Glenn Hutchins, globalist whore, former economic advisor to Bill Clinton, member of the Council of Foreign relations, aside from co-founding the gigantic $26b private equity firm, Silver Lake Partners — is a plotting bitch and the Wikileaks emails have proved it.
First, he schemed with Podesta to ambush Trump in a CNBC forum about the economy
“I am going on CNBC between 8 and 9 AM on Monday morning and expect, among other topics, to be asked about HRC. My plan is to contrast the Rs whining after the CNBC debate with her masterful performance before the Benghazi panel and pose the question of who looks presidential,” Hutchins wrote to Tanden and Podesta. “As I prepare, any input from you two would be welcome.”
“I think you may get asked about the debate and Paris. I will send you ideas post debate,” Tanden said.
“Turns out now that Trump is calling in between 8 and 8:10. So I am going on at 7:45 in order to be in place for to call,” Hutchins replied. “I am trying to craft one question to ask him in case I get a chance. Any thoughts?”
Podesta suggested ambushing Trump with a question about minimum wage.
“Maybe given his wages are too high which he has walked back to only being about the minimum wage: ask him [s]ince so much low wage work is concentrated in the service sector from fast food workers to housekeepers, why would raising the minimum wage affect US competitiveness?” Podesta wrote.
“Neera: can someone please send me what Trump has said about the minimum wage?” Hutchins wrote back.
Hutchins later sent Tanden and Podesta his question: “You have said that raising the minimum wage would make America uncompetitive. But virtually all minimum wage jobs [see graphic below which I will send to CNBC in advance] are in services industries that don’t export like your hotels and resorts. How do you explain that?”
Podesta replied he liked it.
Indeed, Hutchins did ask his Clinton campaign-approved question on Monday, November 16, 2015 during a lengthy phone interview Trump conducted with CNBC.
“Hello, Donald, we’re going to be talking about the U.S. economy and economic policy later in the show today,” Hutchins began, reciting the question almost word-for-word. “You said that raising the minimum wage would make the U.S. uncompetitive. But almost all minimum wage jobs are in services industries that don’t export like your hotels and resorts. How do you explain that?”
Trump replied in part that U.S. wages were “uncompetitive,” adding that “we have to keep our wages down or I feel strongly we would be more and more non-competitive.”
To make matters exponentially worse, this little shit had a candid discussion about the deleterious effects that globalism was inflicting on the U.S. economy. After describing his views on the economy, Podesta asked for him to dumb it down so his retard level IQ could understand. Glenn did exactly that.
you have (characteristically) gone right to the heart of the most difficult problem. In response to your specific question, over that last 15 years, the capacity of labor to demand a greater share of profits from productivity gains have been overwhelmed by several factors: 1) globalized wage competition as incomes have slowly equilibrated around the world, 2) the increasing portion of our economy that is generated by service work (as opposed to good production) that is less susceptible to productivity improvement, 3) the use of technology to generate productivity gains (so that the benefits accrue to capital rather than labor), 4) the overhang on the labor market and wages from discouraged workers who dropped out and the long-term unemployed, 5) the replacement of lost middle wage jobs with lower wage jobs, and 6) more recently, the change in the nature of work itself which is now more part-time, project (or “gig”) oriented and based on an independent contractor model.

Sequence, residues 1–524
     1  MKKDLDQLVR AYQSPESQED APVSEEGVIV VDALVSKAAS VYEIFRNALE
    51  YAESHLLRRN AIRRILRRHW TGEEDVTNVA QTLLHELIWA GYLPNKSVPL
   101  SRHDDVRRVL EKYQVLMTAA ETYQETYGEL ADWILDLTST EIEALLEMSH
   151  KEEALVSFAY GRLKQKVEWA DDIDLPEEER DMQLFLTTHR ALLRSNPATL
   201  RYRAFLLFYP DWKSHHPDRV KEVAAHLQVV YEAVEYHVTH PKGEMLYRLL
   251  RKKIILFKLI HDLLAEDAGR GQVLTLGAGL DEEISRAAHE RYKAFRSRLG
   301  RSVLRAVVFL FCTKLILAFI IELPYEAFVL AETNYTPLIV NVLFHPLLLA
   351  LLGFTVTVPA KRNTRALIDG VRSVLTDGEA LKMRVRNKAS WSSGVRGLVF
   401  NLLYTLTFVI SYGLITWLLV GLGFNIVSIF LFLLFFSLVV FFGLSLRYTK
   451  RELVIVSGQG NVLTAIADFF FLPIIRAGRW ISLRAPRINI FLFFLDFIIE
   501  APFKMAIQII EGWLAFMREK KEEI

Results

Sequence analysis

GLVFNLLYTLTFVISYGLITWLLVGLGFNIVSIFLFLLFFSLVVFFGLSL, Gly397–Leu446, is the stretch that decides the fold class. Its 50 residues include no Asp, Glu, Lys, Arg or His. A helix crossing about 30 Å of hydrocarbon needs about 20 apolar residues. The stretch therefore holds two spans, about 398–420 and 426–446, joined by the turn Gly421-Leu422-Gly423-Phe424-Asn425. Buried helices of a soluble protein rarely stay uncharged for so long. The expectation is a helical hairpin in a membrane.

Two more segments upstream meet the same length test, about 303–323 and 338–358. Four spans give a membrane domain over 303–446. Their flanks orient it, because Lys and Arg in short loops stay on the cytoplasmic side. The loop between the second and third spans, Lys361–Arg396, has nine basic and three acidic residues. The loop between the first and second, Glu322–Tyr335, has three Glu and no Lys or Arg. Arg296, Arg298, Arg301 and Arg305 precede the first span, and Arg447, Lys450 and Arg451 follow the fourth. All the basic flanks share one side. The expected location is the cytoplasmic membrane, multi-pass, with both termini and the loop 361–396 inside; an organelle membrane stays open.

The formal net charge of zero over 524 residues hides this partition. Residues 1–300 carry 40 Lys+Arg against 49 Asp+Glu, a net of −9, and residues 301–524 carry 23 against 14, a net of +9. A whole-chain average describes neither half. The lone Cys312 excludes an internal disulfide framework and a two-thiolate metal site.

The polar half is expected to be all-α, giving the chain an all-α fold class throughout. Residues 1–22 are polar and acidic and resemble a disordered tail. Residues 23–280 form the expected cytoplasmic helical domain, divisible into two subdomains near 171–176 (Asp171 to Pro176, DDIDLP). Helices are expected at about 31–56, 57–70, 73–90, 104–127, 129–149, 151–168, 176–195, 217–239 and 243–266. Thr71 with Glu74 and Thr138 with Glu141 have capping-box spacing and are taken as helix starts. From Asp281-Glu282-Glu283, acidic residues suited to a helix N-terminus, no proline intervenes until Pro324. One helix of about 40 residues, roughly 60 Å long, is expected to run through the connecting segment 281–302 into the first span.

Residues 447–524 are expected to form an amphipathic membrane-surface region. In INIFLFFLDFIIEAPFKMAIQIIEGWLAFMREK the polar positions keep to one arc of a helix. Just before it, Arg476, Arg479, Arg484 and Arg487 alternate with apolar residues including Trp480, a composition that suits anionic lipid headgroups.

>> >> All of this had led to both stagnant wages and rising income insecurity – both of which are far more relevant than income inequality. I think some smart candidate for public office is going to figure this out and start talking about the modern economy in a way that resonates with workers’ actual experience.
>> >> The public policy response can be a re-tooling of the policies that touch on work – unemployment insurance, OSHA, worker’s compensation, retirement savings etc – in a way that is relevant to the modern economy, refocusses the debate in an innovative way and proves that the candidate(s) understand the world in which the voters live.
> >> >> >> Glenn Hutchins
Neera Tanden from American Progress loved his analysis, explaining the mysterious and alarming drop in productivity.
This is phenomenal. I have seen the discussion of declining productivity — one question I have is why is it rational for workers to be more and more productive if they don’t see gains from productivity in their paychecks? From an economically rationalist perspective, stagnant wages should inexorably lead to declined productivity, no? Is there an alternative view of why there’s a decline in productivity? Our econ team said productivity increased 30% btwn 2000 and 2013, with no corresponding increase in wages. 30% for that time period is not great, but it’s also not an historic low.
>> > >> > Would love to understand why people would expect increasing productivity in the world we live in.
Bing-fucking-OH. These people get it in private. They know precisely what needs to be done and it all meshes very well with Trump’s policies. But they’re shills first, Americans second, so we get shafted.